The Petit murder case here in Connecticut should open your eyes to a plethora of ways that society works. Interestingly, the points that deserve the most focus have been highly ignored.
The case has received more than enough publicity. It is always the same story however. It becomes a story of the bad guys against the all-american family. Obviously, the two killers are scumbags. There is no arguing that. Because of that you don’t have to continually be reminded of how bad they are. That is also why they won’t be recognized by name in this article.
It should also be noted that maybe the bank teller shouldn’t have let Jennifer Hawke-Petit out of the bank. It is pretty common sense that if you have two people holding a family hostage, you want to keep them separate. The two murderers distanced themselves and once they did so, shouldn’t have been allowed to get back together.
The bank teller shouldn’t face a big brunt of the blame though. That should be reserved for the police. This wasn’t a small town that maybe couldn’t handle such a case. That, combined with the fact of how much time was involved, is atrocious. What is the purpose of having the police if you have to wait more than a half-hour to feel safe? By then, the damage will have already been done.
Still, there is an even bigger point that doesn’t seem like it has been discussed anywhere. I recently did an article on Charles Bizilj, the father of the 8-year-old boy who shot himself accidentally at a gun show. A few people have told me that Bizilj is a smart guy. Obviously, I was a little confused. Their reasoning was based on the fact that he is a doctor.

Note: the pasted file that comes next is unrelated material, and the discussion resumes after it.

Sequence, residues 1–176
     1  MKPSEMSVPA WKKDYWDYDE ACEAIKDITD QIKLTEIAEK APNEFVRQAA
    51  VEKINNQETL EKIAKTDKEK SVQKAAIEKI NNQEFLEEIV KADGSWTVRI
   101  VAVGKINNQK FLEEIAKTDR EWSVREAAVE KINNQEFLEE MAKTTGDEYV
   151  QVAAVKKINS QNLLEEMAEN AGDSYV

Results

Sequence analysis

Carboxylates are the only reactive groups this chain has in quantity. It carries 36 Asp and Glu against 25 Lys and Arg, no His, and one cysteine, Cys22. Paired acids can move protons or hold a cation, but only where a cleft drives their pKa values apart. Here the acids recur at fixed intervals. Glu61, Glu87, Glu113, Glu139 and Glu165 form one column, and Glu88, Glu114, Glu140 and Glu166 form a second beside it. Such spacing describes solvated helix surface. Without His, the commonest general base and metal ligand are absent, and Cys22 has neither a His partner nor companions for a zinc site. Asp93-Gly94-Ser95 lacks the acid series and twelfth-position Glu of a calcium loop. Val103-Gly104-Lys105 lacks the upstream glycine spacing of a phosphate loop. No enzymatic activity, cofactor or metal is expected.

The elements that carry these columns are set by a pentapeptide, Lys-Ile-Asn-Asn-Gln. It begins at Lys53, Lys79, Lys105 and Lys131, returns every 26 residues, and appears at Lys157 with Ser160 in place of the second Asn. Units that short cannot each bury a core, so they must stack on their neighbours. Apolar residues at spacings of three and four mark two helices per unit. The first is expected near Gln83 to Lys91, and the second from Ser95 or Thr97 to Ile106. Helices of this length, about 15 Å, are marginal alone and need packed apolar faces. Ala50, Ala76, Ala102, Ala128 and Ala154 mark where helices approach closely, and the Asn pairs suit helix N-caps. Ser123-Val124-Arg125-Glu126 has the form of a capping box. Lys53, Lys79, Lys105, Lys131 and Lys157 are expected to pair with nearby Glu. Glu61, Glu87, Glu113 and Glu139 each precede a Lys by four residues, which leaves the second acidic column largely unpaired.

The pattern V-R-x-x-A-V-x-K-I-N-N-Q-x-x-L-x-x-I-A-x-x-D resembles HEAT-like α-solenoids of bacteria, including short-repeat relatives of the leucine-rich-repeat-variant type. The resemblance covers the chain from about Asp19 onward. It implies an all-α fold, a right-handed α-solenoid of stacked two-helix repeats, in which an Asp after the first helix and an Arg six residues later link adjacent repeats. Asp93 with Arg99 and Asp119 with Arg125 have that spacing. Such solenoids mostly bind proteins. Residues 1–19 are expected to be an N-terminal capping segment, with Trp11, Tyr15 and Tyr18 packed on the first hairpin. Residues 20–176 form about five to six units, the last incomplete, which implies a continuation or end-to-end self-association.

It is crazy how much we base our opinion of somebody based on what they do for work. Just because Bizilj is a doctor or works in a hospital doesn’t mean that he is always a smart guy or, in fact, ever intelligent. We, as a society, think way too much about titles and money earned and equate that with success or greatness. They really are not indicative of anything.
That leads to the Petit case. If William Petit was not a doctor, would this case be getting the publicity it has? Americans hold doctors in high esteem. What if Petit was a janitor? There probably wouldn’t be all the outrage that is seen. It was simply made into a case of evil vs. pristine. Petit deserves the compassion that he has received. However, this should be true in every case, no matter who suffers such a loss.
Would it though? It is doubtful. Americans are trained to respect certain people because of their titles and wealth. You just have to look at the reaction following 9-11 and compare it to the lack of sympathy following Hurricane Katrina to see a prime example of how we feel bad for those fortunate who lose but really don’t care when lowly people feel pain.
It’s like we think the rich are these great people who stand high above us. We feel lost without them. If they don’t feel good, we feel bad for them (more than we care about ourselves in many cases). However, if there are poor people involved, we lose our empathy. We treat those below us like animals. They don’t have emotions.
This extends to an infinite amount of areas of life. There are the people who would rather tax themselves than ever raise taxes for the rich. There are those who would vote on American Idol but never cast a vote in a real election. You also have to include those who would be immobile if they heard that Sarah Palin was broke but could care less if they lost all their own money.
Let’s flip the switches in the Petit case. If those two morons had been killed by the Petit family in the same exact way that they murdered the Petit’s, would anybody feel sorry for them? They probably would have just been looked at as low-lifes that nobody cared about in the first place.
That is the part that isn’t fair. If a doctor murders somebody, they will hire the top lawyers to help them get off. Maybe they’ll even be related to a famous politician and be automatically excused.
Everybody’s life should be equally important. It doesn’t matter what you do for work or how much money you have in the bank. A life is a life. That is the most important thing that should be remembered in all cases.